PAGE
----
Life can be unkind. I have had my share of sufferings, as I am sure most people have. If we are not careful, we can let a bitterness seep in.
I know bitterness, the lack of trust, looking at the world with cynicism. Part of my sufferings have done this to me. They made me look at the world through hurt. When we are not careful, this bitterness can seep into everything. Your husband leaves his laundry on the floor. You perceive he doesn’t respect you, or want to help you. Bitter. Your kids say, “momma” every five seconds pulling you in all directions. You are unappreciated. Bitter. Your friend gets an awesome new car. Of course she did, you’ll never get anything new. Bitter.
I found myself getting stuck there too often. When my friend was murdered, most people would say that should make you even more bitter. But for me, that was the turning point. I can’t control others, but with God’s help, I can control my reaction. I started to recall some of the great stories of people I had read or heard about. What made them great? What made them different? They were thankful. They were thankful, even when it was hard.
One story that always stuck in my mind was the story of Corrie ten Boom. In THE HIDING PLACE. Corrie and her sister, Betsy, were in a German Nazi Concentration Camp. Their barracks was flea infested. They had managed to smuggle a bible in. Her sister decided they needed to be thankful. Her sister insisted that they Thank God for the fleas, Corrie is opposed, but at the urging of her sister, gives in and offers up a prayer thanking God for the fleas. Over the next few months, the women in the barracks began to notice that the guards never entered their barracks. This not only allowed the women to have bible studies in their concentration camp, but it spared them from being raped and assaulted. Only toward the end do you discover that the guards did not enter the barracks because of the fleas. Thankful for the fleas. What a thought.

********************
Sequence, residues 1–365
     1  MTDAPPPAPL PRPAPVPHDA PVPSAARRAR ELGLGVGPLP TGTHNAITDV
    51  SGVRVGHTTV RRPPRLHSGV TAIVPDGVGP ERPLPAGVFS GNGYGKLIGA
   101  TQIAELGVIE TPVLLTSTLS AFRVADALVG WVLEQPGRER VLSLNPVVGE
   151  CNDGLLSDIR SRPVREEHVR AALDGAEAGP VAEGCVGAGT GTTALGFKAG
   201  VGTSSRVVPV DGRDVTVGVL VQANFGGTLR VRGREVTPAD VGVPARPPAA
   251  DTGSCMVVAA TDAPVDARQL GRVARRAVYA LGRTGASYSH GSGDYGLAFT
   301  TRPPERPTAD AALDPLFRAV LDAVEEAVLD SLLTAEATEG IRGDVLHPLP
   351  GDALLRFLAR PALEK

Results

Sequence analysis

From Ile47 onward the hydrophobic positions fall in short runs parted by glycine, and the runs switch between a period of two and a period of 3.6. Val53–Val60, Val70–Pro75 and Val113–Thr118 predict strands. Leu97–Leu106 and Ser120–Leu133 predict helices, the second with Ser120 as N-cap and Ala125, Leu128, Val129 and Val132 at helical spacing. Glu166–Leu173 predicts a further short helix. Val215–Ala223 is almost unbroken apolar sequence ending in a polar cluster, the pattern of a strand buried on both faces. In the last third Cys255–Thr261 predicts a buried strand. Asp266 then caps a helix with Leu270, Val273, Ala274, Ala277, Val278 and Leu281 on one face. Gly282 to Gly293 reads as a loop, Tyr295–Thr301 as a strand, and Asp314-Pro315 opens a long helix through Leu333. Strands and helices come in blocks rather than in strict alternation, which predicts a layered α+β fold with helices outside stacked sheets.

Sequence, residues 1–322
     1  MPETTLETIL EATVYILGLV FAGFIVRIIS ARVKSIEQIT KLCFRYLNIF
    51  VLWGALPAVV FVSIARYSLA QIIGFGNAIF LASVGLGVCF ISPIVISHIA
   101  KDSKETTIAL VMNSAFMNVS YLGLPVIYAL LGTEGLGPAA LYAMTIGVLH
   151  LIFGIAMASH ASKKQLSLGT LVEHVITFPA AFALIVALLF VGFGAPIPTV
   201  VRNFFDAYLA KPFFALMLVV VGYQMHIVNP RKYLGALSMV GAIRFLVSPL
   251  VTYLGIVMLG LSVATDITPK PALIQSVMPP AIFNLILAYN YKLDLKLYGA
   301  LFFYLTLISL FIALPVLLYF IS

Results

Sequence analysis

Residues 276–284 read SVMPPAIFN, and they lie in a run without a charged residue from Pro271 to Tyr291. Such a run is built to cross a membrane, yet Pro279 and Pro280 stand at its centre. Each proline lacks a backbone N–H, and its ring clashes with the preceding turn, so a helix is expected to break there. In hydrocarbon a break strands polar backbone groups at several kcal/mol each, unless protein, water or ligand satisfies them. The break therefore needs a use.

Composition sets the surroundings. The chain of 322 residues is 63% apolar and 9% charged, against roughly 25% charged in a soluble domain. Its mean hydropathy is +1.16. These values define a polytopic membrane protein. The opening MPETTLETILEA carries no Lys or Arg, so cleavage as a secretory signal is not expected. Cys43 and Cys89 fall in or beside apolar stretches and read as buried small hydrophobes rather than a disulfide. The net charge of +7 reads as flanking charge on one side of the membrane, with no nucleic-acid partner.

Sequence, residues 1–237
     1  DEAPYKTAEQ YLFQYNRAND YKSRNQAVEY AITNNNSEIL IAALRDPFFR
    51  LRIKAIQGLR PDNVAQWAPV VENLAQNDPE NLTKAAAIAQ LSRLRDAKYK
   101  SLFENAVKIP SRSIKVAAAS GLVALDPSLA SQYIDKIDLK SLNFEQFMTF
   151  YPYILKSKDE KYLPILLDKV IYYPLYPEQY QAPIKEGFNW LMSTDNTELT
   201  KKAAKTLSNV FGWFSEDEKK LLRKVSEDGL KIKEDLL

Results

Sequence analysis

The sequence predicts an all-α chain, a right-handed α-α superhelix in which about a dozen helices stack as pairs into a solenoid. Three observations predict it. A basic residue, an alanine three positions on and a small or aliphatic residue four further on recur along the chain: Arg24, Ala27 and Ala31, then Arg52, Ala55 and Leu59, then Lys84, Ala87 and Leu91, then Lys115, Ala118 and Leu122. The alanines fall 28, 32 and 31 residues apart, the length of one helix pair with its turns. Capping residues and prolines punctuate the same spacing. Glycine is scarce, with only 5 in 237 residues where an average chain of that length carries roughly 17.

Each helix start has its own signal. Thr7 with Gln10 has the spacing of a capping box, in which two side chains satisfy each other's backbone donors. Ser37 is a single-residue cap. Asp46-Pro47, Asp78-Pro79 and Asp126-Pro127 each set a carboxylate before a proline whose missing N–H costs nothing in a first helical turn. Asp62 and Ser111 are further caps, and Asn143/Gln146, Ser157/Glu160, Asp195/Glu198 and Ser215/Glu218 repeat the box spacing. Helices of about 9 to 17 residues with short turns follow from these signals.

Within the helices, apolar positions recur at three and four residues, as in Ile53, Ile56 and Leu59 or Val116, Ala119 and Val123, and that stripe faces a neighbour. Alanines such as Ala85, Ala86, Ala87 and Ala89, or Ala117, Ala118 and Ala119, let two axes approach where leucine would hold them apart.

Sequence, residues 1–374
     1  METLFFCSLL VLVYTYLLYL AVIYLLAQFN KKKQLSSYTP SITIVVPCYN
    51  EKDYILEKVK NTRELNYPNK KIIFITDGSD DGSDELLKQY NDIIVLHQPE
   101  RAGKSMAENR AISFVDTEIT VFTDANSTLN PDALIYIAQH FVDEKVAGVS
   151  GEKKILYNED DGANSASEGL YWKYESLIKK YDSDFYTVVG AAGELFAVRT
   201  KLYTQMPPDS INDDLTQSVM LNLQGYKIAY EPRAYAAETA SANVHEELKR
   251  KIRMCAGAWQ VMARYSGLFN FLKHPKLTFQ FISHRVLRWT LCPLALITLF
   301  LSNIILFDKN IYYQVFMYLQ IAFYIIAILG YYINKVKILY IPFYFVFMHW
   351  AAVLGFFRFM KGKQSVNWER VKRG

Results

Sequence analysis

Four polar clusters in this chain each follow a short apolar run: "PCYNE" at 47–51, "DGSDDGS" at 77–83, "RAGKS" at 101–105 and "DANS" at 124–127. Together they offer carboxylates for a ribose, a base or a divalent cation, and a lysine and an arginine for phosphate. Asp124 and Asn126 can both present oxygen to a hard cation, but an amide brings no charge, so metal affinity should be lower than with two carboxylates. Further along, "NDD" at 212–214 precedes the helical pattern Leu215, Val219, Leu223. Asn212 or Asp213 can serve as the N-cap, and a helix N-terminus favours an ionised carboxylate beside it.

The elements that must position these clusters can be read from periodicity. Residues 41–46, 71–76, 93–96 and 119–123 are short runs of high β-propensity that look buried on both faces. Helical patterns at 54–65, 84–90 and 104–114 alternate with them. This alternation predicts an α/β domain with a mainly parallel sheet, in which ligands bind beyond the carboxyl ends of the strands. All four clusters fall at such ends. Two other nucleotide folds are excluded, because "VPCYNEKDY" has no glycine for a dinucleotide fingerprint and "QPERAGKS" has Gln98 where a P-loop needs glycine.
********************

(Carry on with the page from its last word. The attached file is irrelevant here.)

I looked around my nice home, at all the things that made me bitter; the dishes in the sink; the endless laundry. I thought of what those things meant. They meant that my home was full. It was full of people who loved me. Who shared meals with me. Who played in the dirt and laughed. Why was I so angry at those things? I had forgotten how to be thankful. Thankful, even when it was hard, even in the tedium. I made a decision. I decided to focus on the things that I loved, instead of the things that bothered me. That husband who left his laundry on the floor every day, well he got up went to work, and provided for his family. He hugs me when I cry. Those children, well, I couldn’t imagine a silent house without the word, “momma”. What a blessing they are. That friend, in the new car, cried with you when your friend was murdered, and she will drive you anywhere you need to go in that new car.
I started to see that suffering was not the worst thing in the world that could happen to me. We spend hours trying to avoid suffering and to no avail, because it always catches us. I believe the worst thing that could happen would be for me to be sinful and mean. We should spend hours trying to love others, rather than tear them down. When I am bitter, I become selfish, I snap at people. I hurt the ones I love.
I thought of Jesus. He loves completely. So much that He gave His life for us. In the Catholic Church, He left us Himself in the Sacrament of the Eucharist. His Body, Blood, Soul & Divinity, right here on earth for us to receive heaven on earth from Him. We receive His ultimate sacrifice, the Gift of Himself. It is no coincidence that Eucharist means, Thanksgiving. Being thankful makes us spread joy and love. I am nowhere near where I need to be, but my eyes have been opened. I choose Thanksgiving. I choose Love.